After the initial grief, Belinda Naismith began to worry about putting her three children through school after her husband’s sudden death during military training.
She and her husband wanted all of their children to attend post-secondary schools to study something they are passionate about. “It was a non-negotiable thing for us,” Ms. Naismith said.
Her eldest son, Adam, was 12 when Captain Kevin Naismith died. The CF-18 he was flying in northern Alberta crashed during Exercise Maple Flag training in 2003.
Ms. Naismith said she knew she’d manage to get her kids to university or college, but wasn’t sure how.
Years after her husband’s death, the Canada Company, a charitable, non-partisan organization, created scholarships for the children of fallen military personnel. On Friday, her son received a $4,000 scholarship for the fourth time. It helps pay for textbooks, living costs and other necessities that weren’t covered by Veterans Affairs, Ms. Naismith said.
Mr. Naismith received the scholarship on Friday aboard HMCS Montréal, which is docked in Toronto. Later this month, he’ll enter his fourth year at the University of Saskatchewan, where he’s pursuing a fine arts degree.
He was among the seven recipients who travelled to Toronto to receive their scholarships. Three others didn’t attend. The fathers of the 10 recipients died in southern Lebanon, Afghanistan, Alberta, Saskatchewan and Bosnia between 1993 and 2008.
“Each of these young people has suffered a terrible loss and had to endure that ultimate sacrifice,” said Blake Goldring, Canada Company chairman and chairman and chief executive officer of AGF Management Ltd., who was among the scholarship presenters.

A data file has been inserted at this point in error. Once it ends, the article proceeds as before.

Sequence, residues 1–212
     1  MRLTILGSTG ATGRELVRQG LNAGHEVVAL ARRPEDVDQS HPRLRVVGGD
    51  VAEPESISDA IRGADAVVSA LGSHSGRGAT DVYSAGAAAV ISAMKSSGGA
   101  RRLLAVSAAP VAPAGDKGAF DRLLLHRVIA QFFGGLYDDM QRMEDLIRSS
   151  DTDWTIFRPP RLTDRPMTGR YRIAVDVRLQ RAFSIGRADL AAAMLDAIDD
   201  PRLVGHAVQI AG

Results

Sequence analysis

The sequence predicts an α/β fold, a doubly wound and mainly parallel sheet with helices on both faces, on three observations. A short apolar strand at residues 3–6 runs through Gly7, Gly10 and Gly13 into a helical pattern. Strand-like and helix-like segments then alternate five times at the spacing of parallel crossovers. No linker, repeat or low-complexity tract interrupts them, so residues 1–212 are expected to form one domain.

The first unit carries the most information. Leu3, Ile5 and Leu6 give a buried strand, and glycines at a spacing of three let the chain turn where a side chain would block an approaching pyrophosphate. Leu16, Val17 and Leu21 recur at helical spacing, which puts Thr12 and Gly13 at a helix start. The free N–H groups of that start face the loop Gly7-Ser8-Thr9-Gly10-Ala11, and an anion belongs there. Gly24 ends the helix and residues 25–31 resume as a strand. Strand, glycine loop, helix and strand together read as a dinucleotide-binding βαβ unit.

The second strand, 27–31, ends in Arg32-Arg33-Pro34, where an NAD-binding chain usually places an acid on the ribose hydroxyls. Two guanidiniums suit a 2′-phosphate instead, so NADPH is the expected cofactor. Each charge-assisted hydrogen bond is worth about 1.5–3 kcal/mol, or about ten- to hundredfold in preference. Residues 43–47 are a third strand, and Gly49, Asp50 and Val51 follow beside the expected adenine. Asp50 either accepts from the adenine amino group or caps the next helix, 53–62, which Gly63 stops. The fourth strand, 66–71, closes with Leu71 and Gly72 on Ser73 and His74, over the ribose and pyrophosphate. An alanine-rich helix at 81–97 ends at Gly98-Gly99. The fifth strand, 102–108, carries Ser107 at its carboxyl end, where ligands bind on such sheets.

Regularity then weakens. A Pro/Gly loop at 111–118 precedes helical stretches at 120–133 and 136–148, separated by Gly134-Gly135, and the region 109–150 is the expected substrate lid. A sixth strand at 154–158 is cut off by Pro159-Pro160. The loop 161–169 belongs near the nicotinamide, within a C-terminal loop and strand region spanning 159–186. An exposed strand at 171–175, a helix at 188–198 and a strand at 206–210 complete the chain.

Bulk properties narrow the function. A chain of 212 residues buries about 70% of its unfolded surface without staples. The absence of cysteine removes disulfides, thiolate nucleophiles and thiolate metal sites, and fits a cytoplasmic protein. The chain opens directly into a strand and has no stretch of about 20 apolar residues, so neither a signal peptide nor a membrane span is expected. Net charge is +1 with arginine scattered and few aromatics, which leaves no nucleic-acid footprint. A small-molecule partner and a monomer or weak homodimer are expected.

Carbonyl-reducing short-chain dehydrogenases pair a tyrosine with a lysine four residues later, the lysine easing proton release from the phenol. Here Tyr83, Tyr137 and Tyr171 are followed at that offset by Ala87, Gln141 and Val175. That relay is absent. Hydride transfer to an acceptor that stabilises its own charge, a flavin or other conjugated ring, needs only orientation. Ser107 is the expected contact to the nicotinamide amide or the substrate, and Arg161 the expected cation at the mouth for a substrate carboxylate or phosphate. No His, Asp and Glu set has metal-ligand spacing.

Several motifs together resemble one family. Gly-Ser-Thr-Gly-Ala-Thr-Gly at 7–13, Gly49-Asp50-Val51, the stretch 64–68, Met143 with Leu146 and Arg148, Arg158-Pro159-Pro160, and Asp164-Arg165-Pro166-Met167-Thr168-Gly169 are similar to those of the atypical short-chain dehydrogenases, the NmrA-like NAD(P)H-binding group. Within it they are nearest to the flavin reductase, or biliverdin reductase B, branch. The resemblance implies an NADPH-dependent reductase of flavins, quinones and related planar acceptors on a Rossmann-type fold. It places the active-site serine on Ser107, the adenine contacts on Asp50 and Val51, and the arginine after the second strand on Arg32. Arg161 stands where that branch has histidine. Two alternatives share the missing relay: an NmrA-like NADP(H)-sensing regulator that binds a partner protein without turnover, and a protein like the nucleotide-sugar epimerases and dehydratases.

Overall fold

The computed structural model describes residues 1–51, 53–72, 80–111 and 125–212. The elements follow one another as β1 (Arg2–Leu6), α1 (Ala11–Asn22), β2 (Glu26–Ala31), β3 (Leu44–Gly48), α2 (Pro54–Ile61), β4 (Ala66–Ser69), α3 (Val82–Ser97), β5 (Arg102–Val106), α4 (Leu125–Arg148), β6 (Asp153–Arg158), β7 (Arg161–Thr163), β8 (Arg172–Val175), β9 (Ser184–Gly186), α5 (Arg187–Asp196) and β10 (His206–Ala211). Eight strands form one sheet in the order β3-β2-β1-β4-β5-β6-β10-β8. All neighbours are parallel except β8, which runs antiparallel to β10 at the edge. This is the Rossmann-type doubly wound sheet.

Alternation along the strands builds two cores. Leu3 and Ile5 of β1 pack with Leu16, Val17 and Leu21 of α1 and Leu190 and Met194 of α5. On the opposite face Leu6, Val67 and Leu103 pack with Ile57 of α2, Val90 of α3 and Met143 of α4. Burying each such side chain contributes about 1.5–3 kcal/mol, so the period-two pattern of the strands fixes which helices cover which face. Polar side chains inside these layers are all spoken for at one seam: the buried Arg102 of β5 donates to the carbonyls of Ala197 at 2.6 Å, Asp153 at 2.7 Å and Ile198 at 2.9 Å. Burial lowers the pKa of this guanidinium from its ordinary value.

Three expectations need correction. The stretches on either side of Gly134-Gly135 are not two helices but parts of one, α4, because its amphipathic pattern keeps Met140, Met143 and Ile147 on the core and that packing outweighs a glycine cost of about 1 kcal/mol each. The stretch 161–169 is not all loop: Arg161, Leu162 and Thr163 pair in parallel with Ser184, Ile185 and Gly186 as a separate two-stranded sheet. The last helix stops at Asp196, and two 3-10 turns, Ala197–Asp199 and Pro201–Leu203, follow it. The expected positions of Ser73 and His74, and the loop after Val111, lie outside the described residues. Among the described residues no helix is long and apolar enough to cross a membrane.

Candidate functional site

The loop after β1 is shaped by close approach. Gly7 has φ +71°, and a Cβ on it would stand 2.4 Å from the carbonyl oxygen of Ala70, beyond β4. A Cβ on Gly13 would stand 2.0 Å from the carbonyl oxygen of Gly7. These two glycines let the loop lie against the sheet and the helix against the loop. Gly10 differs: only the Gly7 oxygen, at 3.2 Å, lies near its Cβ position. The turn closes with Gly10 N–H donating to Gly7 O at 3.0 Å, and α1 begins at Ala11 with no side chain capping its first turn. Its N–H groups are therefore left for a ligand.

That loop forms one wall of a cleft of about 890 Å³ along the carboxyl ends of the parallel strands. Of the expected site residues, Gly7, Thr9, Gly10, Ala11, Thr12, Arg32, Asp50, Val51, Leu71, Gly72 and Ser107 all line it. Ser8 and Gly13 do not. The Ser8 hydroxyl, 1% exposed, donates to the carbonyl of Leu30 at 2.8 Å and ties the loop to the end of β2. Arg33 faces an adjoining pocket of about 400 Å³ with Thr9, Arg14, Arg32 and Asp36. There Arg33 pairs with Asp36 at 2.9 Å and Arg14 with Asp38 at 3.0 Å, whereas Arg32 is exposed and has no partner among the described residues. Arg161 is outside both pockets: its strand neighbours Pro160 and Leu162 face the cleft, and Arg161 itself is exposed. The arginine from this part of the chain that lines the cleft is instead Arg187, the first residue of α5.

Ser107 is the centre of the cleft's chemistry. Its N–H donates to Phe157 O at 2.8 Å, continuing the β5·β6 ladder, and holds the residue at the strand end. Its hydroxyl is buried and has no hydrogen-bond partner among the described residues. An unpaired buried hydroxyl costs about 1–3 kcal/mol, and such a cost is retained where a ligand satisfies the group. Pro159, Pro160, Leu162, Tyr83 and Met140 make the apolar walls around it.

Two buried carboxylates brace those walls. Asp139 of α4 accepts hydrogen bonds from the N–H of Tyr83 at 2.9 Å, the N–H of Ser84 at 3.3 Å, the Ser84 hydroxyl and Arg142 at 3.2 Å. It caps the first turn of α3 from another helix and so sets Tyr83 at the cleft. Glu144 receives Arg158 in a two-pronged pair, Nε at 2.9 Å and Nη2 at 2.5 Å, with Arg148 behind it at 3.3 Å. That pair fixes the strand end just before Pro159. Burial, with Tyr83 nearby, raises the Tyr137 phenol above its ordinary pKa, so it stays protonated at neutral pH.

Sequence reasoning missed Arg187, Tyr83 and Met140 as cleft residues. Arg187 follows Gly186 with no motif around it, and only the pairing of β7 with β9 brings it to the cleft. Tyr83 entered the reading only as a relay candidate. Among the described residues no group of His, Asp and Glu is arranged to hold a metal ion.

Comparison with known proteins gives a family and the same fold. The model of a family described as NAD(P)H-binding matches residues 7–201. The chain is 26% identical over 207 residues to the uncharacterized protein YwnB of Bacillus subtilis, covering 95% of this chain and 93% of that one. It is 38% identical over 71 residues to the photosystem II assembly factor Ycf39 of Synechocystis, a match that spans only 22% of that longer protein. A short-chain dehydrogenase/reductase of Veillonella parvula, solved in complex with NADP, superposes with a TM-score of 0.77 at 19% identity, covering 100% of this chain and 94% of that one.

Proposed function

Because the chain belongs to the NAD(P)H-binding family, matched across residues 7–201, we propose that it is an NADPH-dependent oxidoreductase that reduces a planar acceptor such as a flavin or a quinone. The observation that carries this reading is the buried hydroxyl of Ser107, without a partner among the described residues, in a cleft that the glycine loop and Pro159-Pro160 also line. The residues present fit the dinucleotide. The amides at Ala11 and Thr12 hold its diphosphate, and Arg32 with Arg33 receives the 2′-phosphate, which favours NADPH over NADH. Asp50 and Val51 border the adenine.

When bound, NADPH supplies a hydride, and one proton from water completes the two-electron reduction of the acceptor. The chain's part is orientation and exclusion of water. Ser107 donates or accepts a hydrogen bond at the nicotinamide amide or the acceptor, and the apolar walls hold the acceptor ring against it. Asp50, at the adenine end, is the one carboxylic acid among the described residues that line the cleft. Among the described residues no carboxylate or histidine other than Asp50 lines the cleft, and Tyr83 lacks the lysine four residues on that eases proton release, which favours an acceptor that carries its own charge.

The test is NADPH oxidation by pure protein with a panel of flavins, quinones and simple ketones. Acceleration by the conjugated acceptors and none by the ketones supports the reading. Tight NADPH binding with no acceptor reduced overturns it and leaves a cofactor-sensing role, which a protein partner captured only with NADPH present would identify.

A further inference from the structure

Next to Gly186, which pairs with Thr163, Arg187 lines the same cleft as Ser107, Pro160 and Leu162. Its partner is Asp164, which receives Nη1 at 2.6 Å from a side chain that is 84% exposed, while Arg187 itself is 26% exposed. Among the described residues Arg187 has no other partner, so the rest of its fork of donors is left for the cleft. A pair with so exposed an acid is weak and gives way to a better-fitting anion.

Beyond the financial help, Mr. Naismith said he appreciates the peers he’s found in the other scholarship recipients. He’s able to share memories about his early years, when his father’s military career required the family to move from Moose Jaw to Yellowknife to Cold Lake. The recipients share the everyday moments that they miss most. For Mr. Naismith, it’s carpentry with his dad.
“This is the first time … I actually met somebody who was in a similar situation,” he said.
“We all talk outside of the scholarship because it’s hard to talk to [other people] about certain things that they haven’t been through.”
One of those peers is Matthew Mellish. Although he received the scholarship last year, Friday’s ceremony was the first one he’s been able to attend. Last year, it fell on the fourth anniversary of the day his father, Warrant Officer Frank Robert Mellish, was killed in Afghanistan.
Mr. Mellish and Mr. Naismith want to join the military after university.
“Being raised in the military life, around the military, I can’t think of doing anything else at the moment,” Mr. Mellish said.